If you find your thoughts going off track, and you can’t concentrate, stress may be the culprit. Stress symptoms like persistent fear and excessive worry can distract you from the present. If these symptoms persist for more than a few weeks, it’s time to take action. Consider how you might approach the problem from different angles. For example:
- Set aside time for relaxation (e.g., start a yoga practice)
- Engage in meditation or deep breathing exercises regularly
- Seek therapy to see if there are any psychological or neurological issues at play that are causing your stress
6. Loss of Appetite or Overeating
Stress can temporarily suppress appetite. The adrenal glands, which are located above the kidneys, receive signals from the neurological system to secrete the hormone epinephrine (also known as adrenaline). The fight-or-flight response, a heightened physiological state that temporarily suppresses appetite, is aided by epinephrine. If you are feeling stressed and notice that you have lost your appetite, try drinking a few glasses of water or eating something healthy.
It may take time for your appetite to return. If you are still experiencing symptoms of stress, ask for help from a mental health professional or reach out to your friends and family for support. Learn how to manage the stress in your life by developing healthy coping mechanisms.
If you are feeling moody, and can’t pinpoint a reason why then that could be a sign of chronic stress. Chronic stress can have a negative impact on health and leave you feeling depressed, angry, or both. Fortunately, there are some things that you can do to manage your stress before it gets worse:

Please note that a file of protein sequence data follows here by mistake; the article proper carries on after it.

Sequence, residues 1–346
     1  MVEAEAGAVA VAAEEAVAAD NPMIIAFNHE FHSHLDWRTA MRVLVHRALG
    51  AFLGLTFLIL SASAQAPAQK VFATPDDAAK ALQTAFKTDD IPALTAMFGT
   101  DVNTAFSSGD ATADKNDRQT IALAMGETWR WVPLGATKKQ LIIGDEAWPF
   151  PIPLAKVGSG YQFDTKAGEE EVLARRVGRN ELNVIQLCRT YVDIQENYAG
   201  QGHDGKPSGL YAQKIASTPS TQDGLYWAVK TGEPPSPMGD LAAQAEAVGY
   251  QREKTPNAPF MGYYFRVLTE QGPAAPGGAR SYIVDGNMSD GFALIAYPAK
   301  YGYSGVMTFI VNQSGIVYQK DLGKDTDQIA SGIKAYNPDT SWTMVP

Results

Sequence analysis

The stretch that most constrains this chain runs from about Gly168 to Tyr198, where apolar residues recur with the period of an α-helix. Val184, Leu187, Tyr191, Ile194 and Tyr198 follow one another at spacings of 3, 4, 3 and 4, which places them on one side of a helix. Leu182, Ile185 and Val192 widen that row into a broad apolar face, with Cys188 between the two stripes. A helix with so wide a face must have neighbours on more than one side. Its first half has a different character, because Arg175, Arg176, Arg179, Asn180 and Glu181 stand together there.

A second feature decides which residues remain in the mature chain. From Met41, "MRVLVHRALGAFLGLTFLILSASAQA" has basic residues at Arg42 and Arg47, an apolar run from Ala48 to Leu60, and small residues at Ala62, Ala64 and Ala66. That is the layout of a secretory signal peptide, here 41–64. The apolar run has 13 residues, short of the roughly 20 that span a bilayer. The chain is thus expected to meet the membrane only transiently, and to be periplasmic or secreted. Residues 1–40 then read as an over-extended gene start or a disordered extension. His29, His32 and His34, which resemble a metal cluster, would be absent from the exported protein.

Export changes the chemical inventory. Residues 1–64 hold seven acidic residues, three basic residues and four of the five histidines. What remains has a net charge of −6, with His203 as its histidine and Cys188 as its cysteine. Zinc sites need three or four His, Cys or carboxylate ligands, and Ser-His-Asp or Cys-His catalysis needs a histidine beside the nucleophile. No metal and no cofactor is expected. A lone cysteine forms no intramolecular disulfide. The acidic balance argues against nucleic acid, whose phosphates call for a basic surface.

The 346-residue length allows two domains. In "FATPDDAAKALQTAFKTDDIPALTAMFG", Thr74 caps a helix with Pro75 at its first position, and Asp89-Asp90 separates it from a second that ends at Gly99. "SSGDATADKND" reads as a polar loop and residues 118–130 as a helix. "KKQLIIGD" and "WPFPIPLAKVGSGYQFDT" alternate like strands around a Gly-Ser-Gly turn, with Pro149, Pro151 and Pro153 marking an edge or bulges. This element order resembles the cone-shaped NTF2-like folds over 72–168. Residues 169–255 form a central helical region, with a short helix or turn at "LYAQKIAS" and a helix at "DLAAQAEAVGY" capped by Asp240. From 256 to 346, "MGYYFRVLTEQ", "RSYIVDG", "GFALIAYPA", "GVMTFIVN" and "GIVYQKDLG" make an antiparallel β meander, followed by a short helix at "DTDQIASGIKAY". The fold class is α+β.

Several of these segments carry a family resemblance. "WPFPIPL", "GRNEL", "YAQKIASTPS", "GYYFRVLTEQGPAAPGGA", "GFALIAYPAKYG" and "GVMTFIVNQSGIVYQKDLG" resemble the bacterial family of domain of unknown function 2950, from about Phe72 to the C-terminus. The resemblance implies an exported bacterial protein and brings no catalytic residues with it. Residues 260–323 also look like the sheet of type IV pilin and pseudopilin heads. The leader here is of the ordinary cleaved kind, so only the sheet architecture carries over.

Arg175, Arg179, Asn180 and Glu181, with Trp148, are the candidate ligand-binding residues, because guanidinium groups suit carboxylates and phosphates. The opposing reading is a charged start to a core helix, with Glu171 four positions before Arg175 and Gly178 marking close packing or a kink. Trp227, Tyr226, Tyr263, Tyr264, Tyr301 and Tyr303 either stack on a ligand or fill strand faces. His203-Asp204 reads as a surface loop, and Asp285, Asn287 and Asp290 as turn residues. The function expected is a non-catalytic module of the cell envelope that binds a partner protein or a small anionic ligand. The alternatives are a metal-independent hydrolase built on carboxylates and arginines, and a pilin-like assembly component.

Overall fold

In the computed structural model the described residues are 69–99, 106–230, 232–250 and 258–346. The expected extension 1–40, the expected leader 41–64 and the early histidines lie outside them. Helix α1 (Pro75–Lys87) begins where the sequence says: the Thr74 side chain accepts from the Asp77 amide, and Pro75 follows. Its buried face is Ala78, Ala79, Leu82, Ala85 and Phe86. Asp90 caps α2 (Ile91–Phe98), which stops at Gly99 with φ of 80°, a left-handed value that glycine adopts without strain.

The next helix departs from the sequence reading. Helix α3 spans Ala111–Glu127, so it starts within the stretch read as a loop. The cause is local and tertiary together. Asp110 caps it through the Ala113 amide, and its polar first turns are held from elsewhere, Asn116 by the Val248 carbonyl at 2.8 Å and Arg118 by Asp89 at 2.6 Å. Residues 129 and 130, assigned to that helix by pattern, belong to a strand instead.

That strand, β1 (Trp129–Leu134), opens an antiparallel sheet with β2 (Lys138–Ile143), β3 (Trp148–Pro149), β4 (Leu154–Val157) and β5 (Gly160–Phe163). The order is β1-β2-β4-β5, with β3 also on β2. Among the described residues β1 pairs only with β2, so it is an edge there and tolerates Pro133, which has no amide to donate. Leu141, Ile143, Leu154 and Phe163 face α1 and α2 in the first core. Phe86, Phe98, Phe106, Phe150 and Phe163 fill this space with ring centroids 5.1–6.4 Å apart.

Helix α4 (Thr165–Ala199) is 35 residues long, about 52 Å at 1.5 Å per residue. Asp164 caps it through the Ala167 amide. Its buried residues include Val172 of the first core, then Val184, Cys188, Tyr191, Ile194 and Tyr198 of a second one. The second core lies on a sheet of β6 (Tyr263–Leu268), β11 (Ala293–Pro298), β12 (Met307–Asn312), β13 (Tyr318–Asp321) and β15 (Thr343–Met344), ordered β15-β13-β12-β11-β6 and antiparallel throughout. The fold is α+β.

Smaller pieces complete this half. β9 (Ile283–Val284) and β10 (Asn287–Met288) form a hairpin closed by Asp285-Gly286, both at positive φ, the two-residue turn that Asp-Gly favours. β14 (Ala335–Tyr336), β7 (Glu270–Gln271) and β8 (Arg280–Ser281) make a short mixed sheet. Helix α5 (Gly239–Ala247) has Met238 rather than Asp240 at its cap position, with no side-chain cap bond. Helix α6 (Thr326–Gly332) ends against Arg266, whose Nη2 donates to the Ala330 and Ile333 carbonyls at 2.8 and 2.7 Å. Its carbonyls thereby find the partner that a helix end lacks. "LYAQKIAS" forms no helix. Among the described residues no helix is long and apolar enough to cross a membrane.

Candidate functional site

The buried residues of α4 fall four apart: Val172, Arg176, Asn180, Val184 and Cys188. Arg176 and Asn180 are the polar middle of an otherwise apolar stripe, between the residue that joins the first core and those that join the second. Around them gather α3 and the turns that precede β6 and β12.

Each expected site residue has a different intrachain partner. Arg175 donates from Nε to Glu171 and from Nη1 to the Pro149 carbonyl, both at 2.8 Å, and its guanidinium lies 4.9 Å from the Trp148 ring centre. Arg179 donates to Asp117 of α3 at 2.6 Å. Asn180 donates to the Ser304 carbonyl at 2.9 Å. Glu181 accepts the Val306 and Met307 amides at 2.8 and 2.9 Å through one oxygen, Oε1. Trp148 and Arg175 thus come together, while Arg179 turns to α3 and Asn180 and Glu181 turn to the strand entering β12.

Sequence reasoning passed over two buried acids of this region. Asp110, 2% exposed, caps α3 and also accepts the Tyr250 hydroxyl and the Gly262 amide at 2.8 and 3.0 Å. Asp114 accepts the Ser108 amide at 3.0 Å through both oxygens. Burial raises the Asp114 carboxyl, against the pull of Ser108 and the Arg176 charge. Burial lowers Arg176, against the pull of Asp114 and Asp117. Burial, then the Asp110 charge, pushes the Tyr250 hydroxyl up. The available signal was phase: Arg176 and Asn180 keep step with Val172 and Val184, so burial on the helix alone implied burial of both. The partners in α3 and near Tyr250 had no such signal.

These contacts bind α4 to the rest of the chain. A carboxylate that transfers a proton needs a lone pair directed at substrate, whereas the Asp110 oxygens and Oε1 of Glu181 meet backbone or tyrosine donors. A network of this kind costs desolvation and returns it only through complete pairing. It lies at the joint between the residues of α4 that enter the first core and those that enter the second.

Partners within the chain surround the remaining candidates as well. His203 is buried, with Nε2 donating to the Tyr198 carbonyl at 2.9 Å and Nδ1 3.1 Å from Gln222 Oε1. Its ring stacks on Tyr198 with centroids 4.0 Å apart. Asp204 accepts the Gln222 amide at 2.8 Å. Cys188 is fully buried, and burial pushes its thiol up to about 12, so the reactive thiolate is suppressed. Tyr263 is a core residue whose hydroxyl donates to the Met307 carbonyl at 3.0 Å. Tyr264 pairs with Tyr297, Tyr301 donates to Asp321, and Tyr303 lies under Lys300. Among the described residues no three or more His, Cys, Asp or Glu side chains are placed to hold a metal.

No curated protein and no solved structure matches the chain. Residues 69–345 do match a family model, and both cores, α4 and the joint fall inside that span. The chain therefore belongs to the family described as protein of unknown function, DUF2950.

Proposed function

- Get Enough Sleep – Lack of sleep can cause the body’s internal clock to go haywire which throws off your hormones and increases cortisol levels.
- Eat Well – Eating well will help keep your blood sugar levels stable which will in turn keep your mood stable.
- Exercise Regularly – Exercise releases endorphins which act as natural painkillers, reduce anxiety and depression, boost self-esteem, and improve quality of life.
8. Worrying Too Much
If you find yourself worrying too much, or experiencing constant stress and worry, then there’s an issue that needs attention. It can cause your body into flight or fight mode. In order to manage this type of stress you need to first understand what is causing the stress in the first place. To help with this problem, keep up with your physical health. Exercise has been shown in numerous studies as one of the best ways to deal with stress, depression, and other issues that come from chronic stress.
It releases endorphins which are chemicals in our brain associated with feelings of pleasure and happiness! A better diet is another good way to combat these types of problems. The lack of sleep caused by long hours spent worrying about work will only exacerbate any potential depression or anxiety problems you might have had prior to starting a new job.
9. Tense Muscles
When under stress, the body contracts its muscles. For example, if you have a stressful day at work and then go home to an angry spouse, your body will tense up more in the car than usual. The next day, your muscles are likely to be stiffer because of stress. This is a physical reaction that happens when the brain perceives a threat, and the body prepares for action by tensing up.
If you are feeling stressed, there are things you can do to manage the situation before it gets worse. Exercise is one of them; studies show that exercise helps reduce levels of stress hormones in the body and increases mood-boosting chemicals like serotonin.